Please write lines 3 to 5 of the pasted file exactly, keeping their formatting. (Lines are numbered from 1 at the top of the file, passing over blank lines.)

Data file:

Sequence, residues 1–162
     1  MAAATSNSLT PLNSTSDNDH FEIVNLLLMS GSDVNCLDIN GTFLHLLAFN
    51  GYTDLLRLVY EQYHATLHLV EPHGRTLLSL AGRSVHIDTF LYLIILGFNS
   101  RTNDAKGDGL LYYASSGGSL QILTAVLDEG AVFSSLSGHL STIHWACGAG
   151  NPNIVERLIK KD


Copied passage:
    51  GYTDLLRLVY EQYHATLHLV EPHGRTLLSL AGRSVHIDTF LYLIILGFNS
   101  RTNDAKGDGL LYYASSGGSL QILTAVLDEG AVFSSLSGHL STIHWACGAG
   151  NPNIVERLIK KD